Thursday, October 29, 2009

Wednesday, October 21, 2009


I've been off antidepressants for two months now, and off my initial dose for 7 months. I have also been under some stress lately with stupid health issues (an endless cold, weird back pain, etc etc) and a visit from my (very lovely) grandpa. So maybe it is no wonder that I am starting to question if some of the original symptoms are coming back. I've had a great many more panic attacks recently than I can remember having in the previous year, and my response to the smallest stresses (grandpa's visit, sister's wedding, hanging artwork for a show) is to freak out. Even things as simple as having to make dinner or feeling really tired make me anxious. Husband says I don't seem any different, so hopefully this is a case of me making an elephant out of a mouse. Nevertheless, I have decided to try out the neurofeedback suggested to me by an acupuncturist.

I tried to understand this procedure best I could. I watched the (extremely cheesy) video that the acupuncturist gave me. I also read the book "Symphony in the Brain" by Jim Robbins, a journalist who writes on popular science issues, and who is a great fan of the treatment. The book was sensationalist and only mildly informative. It conveyed a sense of a budding scientific discovery gone to waste by the drama and discord among the practitioners.

Here is what I have gathered about this procedure. Our brain's activity produces electrical activity of different frequencies. These can be measured with an EEG and are grouped into types (delta, theta, alpha, beta and gamma), each associated with a several normal (and abnormal) functions. For example, delta frequencies are measured during certain parts of our sleep, alpha when we are relaxed, beta when we anxious. These are generalities of course. So two things are the basis of neurofeedback:

1) Pathologies (depression, ADD, epilepsy, coma, etc) show a deviation of EEG activity from the norm.
2) Brains can be trained to alter their EEG activity.

Both of these statements are technically true. The leap that has not been tested too well in a scientific setting is that training your brain (such as with neurofeedback) can cure the pathology. There are certainly many clinical studies that show this to be the case (from neurofeedback professionals), but even these professionals don't seem to agree on the best protocols. Each practitioner seems to follow their own methodology, deciding which EEG activity to stimulate or suppress, and they don't all agree.

The woman I'll be seeing is following the methods of Siegfried and Susan Othmer (of EEG Info, previous owners of EEG Spectrum, now a completely separate neurofeedback group). I believe they work by messing around with alpha waves, but maybe that is too simplistic. I hope to get a better understanding of what she'll be doing during my first appointment with her (on Monday) and by reading a textbook I have ordered that teaches neurofeedback to practitioners. Hopefully they won't mess up my brain too much!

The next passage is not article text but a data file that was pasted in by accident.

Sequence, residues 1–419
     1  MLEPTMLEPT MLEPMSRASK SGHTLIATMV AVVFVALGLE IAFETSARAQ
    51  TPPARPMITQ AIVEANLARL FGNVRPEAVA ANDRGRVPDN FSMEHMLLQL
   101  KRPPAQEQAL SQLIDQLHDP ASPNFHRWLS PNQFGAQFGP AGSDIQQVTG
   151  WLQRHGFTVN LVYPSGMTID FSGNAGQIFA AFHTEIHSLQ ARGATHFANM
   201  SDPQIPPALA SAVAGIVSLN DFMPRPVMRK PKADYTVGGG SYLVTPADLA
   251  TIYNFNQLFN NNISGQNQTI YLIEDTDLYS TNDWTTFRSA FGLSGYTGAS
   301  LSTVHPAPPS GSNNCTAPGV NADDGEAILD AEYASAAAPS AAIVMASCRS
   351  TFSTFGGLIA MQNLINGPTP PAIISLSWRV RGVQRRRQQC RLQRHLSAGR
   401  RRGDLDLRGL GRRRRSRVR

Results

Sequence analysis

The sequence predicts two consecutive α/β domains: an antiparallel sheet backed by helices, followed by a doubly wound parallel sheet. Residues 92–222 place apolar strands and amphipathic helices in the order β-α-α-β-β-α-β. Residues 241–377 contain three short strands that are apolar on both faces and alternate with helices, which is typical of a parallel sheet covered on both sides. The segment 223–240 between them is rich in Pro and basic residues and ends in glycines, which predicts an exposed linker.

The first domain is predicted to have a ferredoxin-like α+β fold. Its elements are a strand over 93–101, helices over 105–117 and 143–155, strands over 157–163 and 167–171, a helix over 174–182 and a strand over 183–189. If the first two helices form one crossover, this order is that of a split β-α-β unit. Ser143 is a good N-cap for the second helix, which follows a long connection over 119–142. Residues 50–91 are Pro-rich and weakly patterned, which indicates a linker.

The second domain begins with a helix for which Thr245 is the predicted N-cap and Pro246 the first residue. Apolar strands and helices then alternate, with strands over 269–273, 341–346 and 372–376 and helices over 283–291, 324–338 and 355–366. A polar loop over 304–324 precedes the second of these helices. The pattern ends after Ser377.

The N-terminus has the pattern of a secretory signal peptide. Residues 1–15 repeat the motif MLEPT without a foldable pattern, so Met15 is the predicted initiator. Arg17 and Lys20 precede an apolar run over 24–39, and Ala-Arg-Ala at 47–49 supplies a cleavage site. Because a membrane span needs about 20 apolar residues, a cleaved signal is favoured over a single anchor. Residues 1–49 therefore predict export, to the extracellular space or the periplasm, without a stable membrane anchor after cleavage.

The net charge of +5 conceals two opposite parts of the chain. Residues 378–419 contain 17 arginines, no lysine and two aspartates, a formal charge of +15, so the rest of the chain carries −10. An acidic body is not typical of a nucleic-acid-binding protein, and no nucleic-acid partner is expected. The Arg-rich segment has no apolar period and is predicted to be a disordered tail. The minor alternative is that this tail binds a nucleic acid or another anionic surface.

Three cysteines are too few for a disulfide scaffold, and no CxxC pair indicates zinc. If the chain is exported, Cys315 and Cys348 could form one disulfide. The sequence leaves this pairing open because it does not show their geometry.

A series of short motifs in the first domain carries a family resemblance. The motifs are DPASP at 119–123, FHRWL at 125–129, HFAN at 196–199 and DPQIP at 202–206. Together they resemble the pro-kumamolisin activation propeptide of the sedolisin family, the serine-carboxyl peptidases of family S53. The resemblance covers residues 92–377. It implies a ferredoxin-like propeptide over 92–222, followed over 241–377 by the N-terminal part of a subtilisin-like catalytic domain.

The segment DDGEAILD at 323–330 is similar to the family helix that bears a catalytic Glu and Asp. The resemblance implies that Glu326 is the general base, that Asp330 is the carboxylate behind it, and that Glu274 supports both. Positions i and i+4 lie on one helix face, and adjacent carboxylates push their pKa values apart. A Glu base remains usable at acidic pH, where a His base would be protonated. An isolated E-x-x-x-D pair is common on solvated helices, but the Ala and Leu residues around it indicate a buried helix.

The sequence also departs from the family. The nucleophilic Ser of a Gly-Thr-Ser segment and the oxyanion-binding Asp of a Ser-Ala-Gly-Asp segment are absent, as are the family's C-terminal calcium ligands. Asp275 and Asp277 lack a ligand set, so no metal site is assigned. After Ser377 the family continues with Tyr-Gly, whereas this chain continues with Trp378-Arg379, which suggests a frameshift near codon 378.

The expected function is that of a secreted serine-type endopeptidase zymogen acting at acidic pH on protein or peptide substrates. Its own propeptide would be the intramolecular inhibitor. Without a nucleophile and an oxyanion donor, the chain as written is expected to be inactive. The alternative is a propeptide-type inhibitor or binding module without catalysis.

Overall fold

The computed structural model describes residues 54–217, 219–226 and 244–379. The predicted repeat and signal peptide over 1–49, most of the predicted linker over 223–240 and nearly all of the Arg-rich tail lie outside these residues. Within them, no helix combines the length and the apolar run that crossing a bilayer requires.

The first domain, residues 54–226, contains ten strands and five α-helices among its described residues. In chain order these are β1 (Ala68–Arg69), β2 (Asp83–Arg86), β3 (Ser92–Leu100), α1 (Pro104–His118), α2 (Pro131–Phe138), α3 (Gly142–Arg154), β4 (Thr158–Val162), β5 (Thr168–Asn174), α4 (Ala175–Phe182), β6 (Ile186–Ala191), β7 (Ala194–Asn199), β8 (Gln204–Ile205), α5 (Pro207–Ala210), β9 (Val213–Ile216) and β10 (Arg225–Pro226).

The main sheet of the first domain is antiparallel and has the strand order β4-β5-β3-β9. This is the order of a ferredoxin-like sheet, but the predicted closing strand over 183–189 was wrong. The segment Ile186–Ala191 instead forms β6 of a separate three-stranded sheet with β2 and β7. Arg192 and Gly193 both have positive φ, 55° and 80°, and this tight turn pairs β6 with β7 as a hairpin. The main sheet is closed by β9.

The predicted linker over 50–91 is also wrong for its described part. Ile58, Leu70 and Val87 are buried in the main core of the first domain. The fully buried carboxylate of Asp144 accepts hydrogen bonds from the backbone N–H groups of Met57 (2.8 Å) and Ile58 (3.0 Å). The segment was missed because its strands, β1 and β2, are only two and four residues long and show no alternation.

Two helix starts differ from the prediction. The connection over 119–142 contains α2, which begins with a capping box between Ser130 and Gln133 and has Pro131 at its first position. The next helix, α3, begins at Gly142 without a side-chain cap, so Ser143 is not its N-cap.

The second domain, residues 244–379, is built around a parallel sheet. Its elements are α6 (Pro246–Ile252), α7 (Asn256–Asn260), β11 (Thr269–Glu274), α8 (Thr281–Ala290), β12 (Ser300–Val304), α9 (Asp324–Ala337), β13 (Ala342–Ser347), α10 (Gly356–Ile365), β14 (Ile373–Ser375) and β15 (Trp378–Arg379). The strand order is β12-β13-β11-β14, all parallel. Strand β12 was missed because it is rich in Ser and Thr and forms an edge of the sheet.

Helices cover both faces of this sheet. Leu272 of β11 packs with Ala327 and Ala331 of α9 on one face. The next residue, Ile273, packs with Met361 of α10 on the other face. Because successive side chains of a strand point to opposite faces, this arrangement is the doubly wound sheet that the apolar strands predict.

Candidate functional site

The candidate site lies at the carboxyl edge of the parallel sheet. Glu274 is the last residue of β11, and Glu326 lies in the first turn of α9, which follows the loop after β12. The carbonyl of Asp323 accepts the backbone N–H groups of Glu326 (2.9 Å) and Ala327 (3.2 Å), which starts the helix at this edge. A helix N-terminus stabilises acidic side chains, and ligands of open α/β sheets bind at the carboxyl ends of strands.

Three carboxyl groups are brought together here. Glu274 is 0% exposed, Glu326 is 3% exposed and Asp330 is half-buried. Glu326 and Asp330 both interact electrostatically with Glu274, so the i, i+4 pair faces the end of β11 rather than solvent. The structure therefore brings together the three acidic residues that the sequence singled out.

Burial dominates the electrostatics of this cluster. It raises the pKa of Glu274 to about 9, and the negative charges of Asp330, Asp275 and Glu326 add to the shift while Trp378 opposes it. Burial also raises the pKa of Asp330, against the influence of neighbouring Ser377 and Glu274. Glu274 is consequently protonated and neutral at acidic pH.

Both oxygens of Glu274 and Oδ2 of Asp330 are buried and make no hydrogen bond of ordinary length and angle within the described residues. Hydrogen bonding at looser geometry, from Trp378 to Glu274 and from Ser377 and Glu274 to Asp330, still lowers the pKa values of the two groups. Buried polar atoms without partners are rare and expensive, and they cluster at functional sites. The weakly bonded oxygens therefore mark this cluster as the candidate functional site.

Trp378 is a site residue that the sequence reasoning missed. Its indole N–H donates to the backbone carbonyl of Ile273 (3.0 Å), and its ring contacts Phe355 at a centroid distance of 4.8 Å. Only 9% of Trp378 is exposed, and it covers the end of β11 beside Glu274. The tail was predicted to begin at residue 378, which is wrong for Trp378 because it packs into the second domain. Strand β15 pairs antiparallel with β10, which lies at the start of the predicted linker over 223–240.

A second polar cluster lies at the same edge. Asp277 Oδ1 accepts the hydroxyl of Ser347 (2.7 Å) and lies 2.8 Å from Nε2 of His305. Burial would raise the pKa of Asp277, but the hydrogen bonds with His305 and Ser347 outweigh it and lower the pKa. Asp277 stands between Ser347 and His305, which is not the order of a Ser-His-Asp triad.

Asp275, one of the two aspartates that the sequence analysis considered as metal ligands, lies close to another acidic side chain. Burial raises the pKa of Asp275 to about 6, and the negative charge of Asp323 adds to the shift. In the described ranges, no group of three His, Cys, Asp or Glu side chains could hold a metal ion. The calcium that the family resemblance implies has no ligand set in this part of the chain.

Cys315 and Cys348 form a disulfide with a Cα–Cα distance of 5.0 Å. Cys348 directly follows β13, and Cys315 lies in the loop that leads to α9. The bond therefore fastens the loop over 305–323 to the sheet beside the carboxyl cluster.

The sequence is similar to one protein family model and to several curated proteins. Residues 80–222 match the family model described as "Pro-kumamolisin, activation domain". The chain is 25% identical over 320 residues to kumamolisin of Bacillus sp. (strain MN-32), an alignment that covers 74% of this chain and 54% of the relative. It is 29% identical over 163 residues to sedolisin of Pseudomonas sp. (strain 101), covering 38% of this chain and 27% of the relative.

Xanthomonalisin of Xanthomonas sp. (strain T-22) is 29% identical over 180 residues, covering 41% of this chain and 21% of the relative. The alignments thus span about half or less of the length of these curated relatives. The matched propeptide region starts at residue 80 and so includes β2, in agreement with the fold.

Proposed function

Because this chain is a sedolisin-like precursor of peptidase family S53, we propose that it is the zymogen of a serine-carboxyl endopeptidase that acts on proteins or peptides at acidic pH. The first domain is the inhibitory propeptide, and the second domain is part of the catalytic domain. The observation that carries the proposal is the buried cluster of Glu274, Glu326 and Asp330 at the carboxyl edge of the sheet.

Friday, October 2, 2009

John Perry and the "Obama Problem"

Some douchebag former senior editor of Newsmax named John Perry wrote this darling column the other day (which has now been taken down due to it being INSANE). You can still view it here. In it he suggests that the military will surely want to stage a "bloodless coup to restore and defend the Constitution through an interim administration that would do the serious business of governing and defending the nation." "Skilled, military-trained, nation-builders," he goes on to say, "would replace accountability-challenged, radical-left commissars. Having bonded with his twin teleprompters, the president would be detailed for ceremonial speech-making." omg, wtf....

There has been a rash of this kind of talk lately. There was the facebook poll on whether the president ought to be assassinated. There is Glenn Beck in his schizophrenic entirety. There is the census worker who got killed for being a "Fed". The gun-carrying protesters outside townhalls. There is violence and so much hatred, it is frankly scary. I'll be the first to admit that I couldn't stand George Bush. I wanted him impeached, out of office. I wanted him held legally accountable for his behavior, which included illegal wiretapping of American citizens, lying and using known forged information to start a war in Iraq, and the torturing of detainees. These things, I suggest to you, are in fact unconstitutional. Giving everyone in this country health care is not.

In fact, the constitution, which I have read today in it's entirety, does mention several times the duty of the Congress and of the President to "promote the general welfare", "welfare" being defined as "health, happiness, or prosperity; well-being". That sounds like it includes healthcare to me!

It's not like there aren't legitimate issues to discuss when it comes to health care reform. How will we pay for it, is one good topic. How do we make sure that hospitals and doctors get compensated well (more then they do now from medicare, for example)? Why on earth aren't we figuring out a universal single payer system, is a favorite of mine. But "Obama is a Kenyan socialist, marxist, fascist who wants to kill grandma and is a Muslim" IS NEITHER LEGITIMATE NOR SANE!!!!! While I am on the subject can we just agree that "communist" and "Nazi" CANNOT be used interchangeably? Retards...